When installed, by default, Postfix is configured to accept mail locally for users existing in your machine's domain. Postfix's default security settings also stop your machine from acting as an open relay.
j r - - r An open relay is a mail server that allows any user to send mail through your mail ' - ~ ■ server, regardless of his or her location (in your local network or the Internet). This has proven to be a large contributor to the existence of spam as malicious users can use your mail server to send large quantities of mail on the back of your network bandwidth.
The built-in security features of Postfix have contributed to its success, and these security features can be extended even further by adding granularity for unsolicited commercial e-mail (UCE) and user authentication for relay controls.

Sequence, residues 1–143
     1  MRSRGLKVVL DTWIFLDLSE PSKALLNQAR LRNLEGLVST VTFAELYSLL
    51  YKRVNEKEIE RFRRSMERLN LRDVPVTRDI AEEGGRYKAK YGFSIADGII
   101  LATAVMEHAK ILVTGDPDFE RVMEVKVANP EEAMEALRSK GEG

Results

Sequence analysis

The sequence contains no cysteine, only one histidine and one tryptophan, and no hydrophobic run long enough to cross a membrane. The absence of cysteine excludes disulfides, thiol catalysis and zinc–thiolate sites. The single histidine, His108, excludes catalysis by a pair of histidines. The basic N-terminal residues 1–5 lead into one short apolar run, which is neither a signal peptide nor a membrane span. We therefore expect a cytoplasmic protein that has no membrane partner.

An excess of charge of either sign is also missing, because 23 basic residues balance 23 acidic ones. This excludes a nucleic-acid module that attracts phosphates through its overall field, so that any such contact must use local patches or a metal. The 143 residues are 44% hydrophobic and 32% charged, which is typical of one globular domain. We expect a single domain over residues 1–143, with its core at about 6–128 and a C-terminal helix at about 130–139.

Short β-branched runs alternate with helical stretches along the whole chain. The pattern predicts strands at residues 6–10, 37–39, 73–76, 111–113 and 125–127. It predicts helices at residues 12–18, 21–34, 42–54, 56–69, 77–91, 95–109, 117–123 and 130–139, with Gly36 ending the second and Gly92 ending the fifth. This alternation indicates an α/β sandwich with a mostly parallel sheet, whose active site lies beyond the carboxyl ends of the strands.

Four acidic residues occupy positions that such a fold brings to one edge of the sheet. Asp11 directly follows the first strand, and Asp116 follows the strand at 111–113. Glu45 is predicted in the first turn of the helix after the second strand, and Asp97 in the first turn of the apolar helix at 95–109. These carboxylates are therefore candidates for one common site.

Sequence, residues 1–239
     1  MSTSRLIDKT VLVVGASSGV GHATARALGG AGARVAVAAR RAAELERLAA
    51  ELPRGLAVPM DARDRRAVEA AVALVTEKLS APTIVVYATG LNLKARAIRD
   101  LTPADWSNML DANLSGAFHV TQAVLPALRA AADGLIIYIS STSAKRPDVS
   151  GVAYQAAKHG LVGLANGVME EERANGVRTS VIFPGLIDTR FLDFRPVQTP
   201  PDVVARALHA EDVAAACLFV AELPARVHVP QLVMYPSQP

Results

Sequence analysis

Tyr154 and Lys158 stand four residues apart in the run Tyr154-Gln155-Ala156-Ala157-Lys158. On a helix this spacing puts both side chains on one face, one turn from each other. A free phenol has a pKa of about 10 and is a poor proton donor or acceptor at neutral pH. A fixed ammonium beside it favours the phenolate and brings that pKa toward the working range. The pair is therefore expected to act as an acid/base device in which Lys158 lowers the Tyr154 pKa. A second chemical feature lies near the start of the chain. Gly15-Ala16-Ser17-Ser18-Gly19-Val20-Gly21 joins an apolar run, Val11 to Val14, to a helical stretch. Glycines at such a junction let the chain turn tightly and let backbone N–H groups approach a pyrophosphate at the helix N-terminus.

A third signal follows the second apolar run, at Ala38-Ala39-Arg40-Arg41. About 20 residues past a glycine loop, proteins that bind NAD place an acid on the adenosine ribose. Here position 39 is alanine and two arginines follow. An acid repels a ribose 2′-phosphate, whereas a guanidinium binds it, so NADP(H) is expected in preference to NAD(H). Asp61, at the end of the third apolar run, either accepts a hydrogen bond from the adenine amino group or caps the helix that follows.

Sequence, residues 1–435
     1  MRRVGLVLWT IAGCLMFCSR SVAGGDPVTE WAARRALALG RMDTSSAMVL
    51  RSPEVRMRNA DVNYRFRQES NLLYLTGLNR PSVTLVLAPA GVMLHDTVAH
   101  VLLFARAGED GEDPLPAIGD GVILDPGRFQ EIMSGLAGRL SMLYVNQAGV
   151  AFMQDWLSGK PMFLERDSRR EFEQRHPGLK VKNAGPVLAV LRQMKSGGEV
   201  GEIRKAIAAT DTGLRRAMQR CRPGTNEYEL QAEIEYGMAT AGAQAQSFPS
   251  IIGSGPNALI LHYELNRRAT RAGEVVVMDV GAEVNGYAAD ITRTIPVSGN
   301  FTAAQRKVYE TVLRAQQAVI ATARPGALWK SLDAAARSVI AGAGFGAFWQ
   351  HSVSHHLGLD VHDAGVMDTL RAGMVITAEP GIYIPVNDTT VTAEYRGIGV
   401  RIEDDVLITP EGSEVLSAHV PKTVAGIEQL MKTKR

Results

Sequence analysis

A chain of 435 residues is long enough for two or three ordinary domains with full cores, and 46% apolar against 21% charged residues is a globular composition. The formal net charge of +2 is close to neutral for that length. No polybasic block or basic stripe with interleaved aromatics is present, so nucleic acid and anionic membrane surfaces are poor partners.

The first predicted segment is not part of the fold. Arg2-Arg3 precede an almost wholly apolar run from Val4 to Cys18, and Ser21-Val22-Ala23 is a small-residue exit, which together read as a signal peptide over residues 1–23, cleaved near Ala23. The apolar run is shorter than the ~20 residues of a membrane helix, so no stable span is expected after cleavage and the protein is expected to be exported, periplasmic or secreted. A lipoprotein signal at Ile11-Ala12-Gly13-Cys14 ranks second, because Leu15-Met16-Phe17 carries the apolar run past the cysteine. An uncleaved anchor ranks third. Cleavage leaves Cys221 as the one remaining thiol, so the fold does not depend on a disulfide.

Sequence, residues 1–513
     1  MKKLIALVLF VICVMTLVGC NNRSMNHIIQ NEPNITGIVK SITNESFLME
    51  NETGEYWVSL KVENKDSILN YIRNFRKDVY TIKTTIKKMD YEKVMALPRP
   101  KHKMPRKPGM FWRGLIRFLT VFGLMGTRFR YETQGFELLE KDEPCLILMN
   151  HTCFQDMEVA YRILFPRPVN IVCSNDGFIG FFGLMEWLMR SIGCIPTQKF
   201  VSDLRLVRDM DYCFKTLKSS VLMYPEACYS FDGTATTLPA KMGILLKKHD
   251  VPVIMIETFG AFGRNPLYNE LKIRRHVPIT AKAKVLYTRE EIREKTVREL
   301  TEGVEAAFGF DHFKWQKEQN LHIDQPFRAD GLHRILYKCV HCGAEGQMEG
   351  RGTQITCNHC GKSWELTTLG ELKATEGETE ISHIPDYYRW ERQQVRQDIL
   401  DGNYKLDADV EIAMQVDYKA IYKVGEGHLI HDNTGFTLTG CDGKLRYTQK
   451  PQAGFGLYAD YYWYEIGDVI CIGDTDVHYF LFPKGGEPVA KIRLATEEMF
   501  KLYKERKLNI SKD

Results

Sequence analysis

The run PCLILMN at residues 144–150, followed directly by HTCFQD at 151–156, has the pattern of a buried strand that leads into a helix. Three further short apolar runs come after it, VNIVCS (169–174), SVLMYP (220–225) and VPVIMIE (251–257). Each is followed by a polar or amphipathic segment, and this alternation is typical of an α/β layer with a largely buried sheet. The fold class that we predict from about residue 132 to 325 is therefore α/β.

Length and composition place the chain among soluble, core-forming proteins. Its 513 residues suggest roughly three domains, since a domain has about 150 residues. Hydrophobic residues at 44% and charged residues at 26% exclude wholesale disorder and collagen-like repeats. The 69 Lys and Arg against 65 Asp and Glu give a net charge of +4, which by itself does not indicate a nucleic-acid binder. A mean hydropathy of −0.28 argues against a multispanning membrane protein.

Postfix is commonly configured in the following three main ways to provide MTA services to your organization. We discuss these throughout the chapter:
■ Always-on, Internet facing mail server.
■ Dial-up/laptop mail server mainly used for sending mail from your machine only.
■ Local mail delivery only. This is used to mainly route mail messages that originate from your local machine and is the default for a SUSE installation.
Local mail delivery is also capable of connecting to other Simple Mail Transport Protocol (SMTP) servers if mail is sent using the Postfix mail system. We discuss this later in the chapter.
Was this article helpful?